By Jacob Sahms
The quick Shakespearean recap for those who weren’t subjected to the works of the English bard in high school or college: Macbeth gamely wins a victory for his King Duncan over the Thane of Cawdor, and is rewarded with the Thane of Cawdor position for himself. But in the meantime, three witches prophesy that he will one day be king and that his friend, Banquo, while sire kings. The prophecy sets in motion a series of murders as Macbeth’s wife urges him to fulfill the promise of his kingship, and the once loving couple descends into madness, together and apart.
Joel Coen’s version of Macbeth, The Tragedy of Macbeth, is shot in black and white, not least because Denzel Washington plays Macbeth and Coen’s real-life wife Frances McDormand plays Lady Macbeth. But it’s also literally filmed in black and white and grey, making shadows matter even more, and light, oh disappearing light, so much more important than a screen distracted by color. Coen’s staging, on a ridiculously modern set with fake outdoor scenes and all angles that show humanity’s stain against a sterile world.
While Washington and Dormand are older, the ‘hero’ of the story, Macduff, is played by Corey Hawkins (Straight Outta Compton, The Heights), who gamely pursues the truth through all of the lies that the Macbeths tell. Here, Coen’s camera lens looks unblinking, as the difference between truth and lies, good and evil, comes to the forefront, and all of the human heart is laid bare, stripped of all of the things that might hide it otherwise.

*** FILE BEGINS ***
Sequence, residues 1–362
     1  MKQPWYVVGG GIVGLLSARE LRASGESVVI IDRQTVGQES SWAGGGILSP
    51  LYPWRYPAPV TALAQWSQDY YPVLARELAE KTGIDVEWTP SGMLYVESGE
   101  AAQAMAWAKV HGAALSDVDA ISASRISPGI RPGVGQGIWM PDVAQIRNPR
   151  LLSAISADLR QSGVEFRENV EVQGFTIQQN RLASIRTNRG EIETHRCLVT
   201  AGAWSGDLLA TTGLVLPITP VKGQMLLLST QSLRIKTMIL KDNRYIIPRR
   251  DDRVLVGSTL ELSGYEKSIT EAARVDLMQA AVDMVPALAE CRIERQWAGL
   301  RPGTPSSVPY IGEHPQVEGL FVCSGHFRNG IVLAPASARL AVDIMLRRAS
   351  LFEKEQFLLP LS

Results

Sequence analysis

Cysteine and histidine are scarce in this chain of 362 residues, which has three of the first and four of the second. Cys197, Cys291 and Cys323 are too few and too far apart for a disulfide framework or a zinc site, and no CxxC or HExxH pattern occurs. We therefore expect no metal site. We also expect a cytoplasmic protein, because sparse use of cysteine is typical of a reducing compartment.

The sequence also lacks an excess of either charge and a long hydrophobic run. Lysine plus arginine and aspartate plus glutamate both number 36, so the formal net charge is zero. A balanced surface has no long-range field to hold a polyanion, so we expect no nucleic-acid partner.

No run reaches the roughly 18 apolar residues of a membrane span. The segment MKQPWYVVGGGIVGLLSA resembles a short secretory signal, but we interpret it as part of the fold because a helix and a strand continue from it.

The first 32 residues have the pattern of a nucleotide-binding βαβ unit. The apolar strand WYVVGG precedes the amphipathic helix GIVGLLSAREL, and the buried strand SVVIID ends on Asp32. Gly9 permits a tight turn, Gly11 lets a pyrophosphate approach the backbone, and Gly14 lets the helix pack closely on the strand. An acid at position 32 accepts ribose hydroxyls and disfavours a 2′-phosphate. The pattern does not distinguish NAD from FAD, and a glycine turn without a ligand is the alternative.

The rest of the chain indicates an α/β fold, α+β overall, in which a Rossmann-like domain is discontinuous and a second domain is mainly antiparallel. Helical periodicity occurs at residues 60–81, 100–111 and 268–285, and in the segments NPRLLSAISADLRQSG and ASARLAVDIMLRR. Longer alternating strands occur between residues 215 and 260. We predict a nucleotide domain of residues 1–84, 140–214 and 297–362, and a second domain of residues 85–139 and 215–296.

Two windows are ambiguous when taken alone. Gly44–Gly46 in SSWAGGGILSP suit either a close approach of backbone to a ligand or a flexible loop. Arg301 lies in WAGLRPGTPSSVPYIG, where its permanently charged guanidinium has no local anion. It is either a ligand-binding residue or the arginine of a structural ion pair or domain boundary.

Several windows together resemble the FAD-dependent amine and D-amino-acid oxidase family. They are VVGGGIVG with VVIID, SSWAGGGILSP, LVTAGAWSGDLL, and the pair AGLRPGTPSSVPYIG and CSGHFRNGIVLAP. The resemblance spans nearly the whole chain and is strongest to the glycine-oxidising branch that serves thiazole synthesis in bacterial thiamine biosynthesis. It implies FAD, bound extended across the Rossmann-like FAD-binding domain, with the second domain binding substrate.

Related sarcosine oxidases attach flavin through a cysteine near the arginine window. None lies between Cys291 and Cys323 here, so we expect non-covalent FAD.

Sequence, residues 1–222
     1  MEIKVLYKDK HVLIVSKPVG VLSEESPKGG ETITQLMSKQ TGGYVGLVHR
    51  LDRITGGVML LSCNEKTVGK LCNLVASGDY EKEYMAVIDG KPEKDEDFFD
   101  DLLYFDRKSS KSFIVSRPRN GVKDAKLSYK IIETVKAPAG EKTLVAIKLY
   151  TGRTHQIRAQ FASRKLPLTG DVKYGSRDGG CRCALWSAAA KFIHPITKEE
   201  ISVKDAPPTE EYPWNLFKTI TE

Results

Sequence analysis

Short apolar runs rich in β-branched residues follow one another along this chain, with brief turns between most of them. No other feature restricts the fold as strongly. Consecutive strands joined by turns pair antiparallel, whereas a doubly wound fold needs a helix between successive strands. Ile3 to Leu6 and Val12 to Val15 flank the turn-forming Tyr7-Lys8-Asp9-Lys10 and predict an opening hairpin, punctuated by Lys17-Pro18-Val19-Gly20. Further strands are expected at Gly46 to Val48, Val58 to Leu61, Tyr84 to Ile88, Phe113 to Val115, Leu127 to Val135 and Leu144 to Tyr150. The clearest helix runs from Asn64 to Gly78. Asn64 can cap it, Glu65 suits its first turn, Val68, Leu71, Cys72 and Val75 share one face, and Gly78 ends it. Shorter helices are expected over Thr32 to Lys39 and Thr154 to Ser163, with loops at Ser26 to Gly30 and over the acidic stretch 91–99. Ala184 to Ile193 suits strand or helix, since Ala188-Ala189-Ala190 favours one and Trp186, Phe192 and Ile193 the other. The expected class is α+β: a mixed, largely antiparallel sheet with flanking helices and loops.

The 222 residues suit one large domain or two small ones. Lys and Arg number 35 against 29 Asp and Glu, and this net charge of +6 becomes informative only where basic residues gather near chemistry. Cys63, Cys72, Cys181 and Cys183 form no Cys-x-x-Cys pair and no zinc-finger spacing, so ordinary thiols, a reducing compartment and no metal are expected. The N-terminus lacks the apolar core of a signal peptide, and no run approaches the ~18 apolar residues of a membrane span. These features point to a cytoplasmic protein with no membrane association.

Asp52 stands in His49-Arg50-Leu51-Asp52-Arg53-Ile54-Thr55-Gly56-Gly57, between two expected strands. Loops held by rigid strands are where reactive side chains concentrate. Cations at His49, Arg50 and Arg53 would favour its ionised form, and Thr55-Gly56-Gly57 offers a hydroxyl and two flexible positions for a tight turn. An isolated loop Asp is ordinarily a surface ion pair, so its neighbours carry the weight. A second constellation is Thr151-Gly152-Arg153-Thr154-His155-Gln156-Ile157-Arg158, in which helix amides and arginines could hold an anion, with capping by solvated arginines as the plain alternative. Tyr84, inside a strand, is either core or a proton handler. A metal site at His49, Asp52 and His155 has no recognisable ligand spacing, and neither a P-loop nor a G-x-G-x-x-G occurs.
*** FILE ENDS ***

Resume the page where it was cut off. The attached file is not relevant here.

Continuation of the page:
The Tragedy of Macbeth isn’t a pleasant, fun watch. The main characters are evil, conniving, greedy, misguided people whose decisions lead to their own destruction and the fall of others. But Washington, McDormand, Brendan Gleason (King Duncan), Kathryn Hunter (the three witches), and others are spectacular in their roles, and there’s something alluring about the simplicity of Shakespeare in black and white.
In the end, we’re left to remember that the inclination of the human heart is too often to sin, and sin brings with it destruction and condemnation. The truth will be the thing to set us free, if we can remain free from our basest desires, aim for a purity of heart, and hold each other accountable in the decisions we make.
Sadly, for the Macbeths, there is no one to catch them as they fall.
The Tragedy of Macbeth is playing in select theaters and streaming globally on AppleTV+ on January 14.